Even basic necessities and staples relied upon by everyone are beginning to falter as well. Major food providers are warning that supply chains are breaking down and we should expect shortages. Hospitals are beginning to lay off and furlough employees since the Covid-19 peak promised by the models never materialized. And our entire energy market is in disarray after the oil markets crashed last week:
U.S. equity markets slid Monday as oil crashed below zero and closed at its lowest level since record keeping began in March 1983.The Dow Jones Industrial Average fell by as many as
489 points, or 2.02 percent, before paring its losses. The S&P 500 and
Nasdaq Composite were down 1.53 percent and 1.01 percent, respectively, at
Ongoing concerns over swelling oil inventories pushed West Texas
Intermediate crude for May delivery plunged
305 percent to
a record low -$36.73 per barrel. At a price below zero, buyers would be
paid to take delivery as there are costs associated with transportation and
Just 2 months ago the oil industry was thriving in America.
Now traders are being forced to pay vendors to unload their
product as inventories exceed capacity. That’s right, if you can safely store
crude on your property, someone is willing to pay you to take it (delivery not
The reality is that lives are being lost and ruined by the current shutdown, and it will only get worse every day that we wait. Arizona must reopen, and fast. Governor Ducey announced that he is working on a reopening plan for the state, which will likely include a phased-in approach largely based on the guidelines provided by the Trump Administration.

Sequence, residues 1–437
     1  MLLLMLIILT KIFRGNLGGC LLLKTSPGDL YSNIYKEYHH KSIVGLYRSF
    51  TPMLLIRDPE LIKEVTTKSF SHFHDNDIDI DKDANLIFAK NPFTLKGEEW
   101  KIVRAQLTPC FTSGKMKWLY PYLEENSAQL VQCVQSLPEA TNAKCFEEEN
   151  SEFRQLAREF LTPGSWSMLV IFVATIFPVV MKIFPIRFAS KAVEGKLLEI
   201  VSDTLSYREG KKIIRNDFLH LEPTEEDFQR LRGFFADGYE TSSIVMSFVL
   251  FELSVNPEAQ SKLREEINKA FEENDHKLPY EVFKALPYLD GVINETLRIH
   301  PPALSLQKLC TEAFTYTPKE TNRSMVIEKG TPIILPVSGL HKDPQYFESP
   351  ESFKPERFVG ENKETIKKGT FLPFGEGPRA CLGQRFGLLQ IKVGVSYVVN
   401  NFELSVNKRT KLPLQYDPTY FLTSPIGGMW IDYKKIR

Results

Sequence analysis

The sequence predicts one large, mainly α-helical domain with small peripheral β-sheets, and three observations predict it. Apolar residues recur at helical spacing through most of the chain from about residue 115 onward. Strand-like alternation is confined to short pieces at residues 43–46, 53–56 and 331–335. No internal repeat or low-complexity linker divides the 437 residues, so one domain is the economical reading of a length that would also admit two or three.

That is good news, but the next step is going to be the toughest. Reopening Arizona is not going to be easy, especially since any discussion on relaxing the Covid-19 restrictions has become a politically divisive issue. The rhetoric has become so intense that in some corners any mention of ending the shutdown means putting the economy ahead of lives. This is complete nonsense.
Supporting an end to the lockdown means understanding
that lives can be lost to economic destruction just as easily as they are to
Covid-19. This is being recognized in other countries, as Austria,
Norway, the Czech Republic, Poland and many others has already begun easing
restrictions. Here in the US, states such as Texas,
Tenessee and Florida
have begun taking action as well on a reopening plan.
Arizona needs to follow suit, and it can be done in a smart
and safe way. Mitigation efforts such as continued social distancing,
encouraged teleworking, mask wearing and the suspension of congested gatherings
(such as sporting events) will continue. Extra precautions can be taken to
protect the most
vulnerable populations (senior citizens and those with chronic illness)
impacted by Covid-19. If the purpose of the lockdown was to prevent our
healthcare system from being overloaded, then a phase down of the restrictions
will be more than enough to prevent that from happening.
The end of the current stay-at-home order is April 30. That is the perfect time for Arizona to begin reopening for business. The process won’t be seamless, but the cost of inaction at this point will be worse than staying home.
Just like the rest of the country, Arizona residents have since mid-March hunkered down, self-isolated and followed the advice of medical experts and our political leaders to stop the spread of Coronavirus. The rationale provided to us was that if extreme actions were not taken, hundreds of thousands of people in the Grand Canyon state would perish. Hospitals would be overrun. It might be as bad as the Spanish Flu of 1918.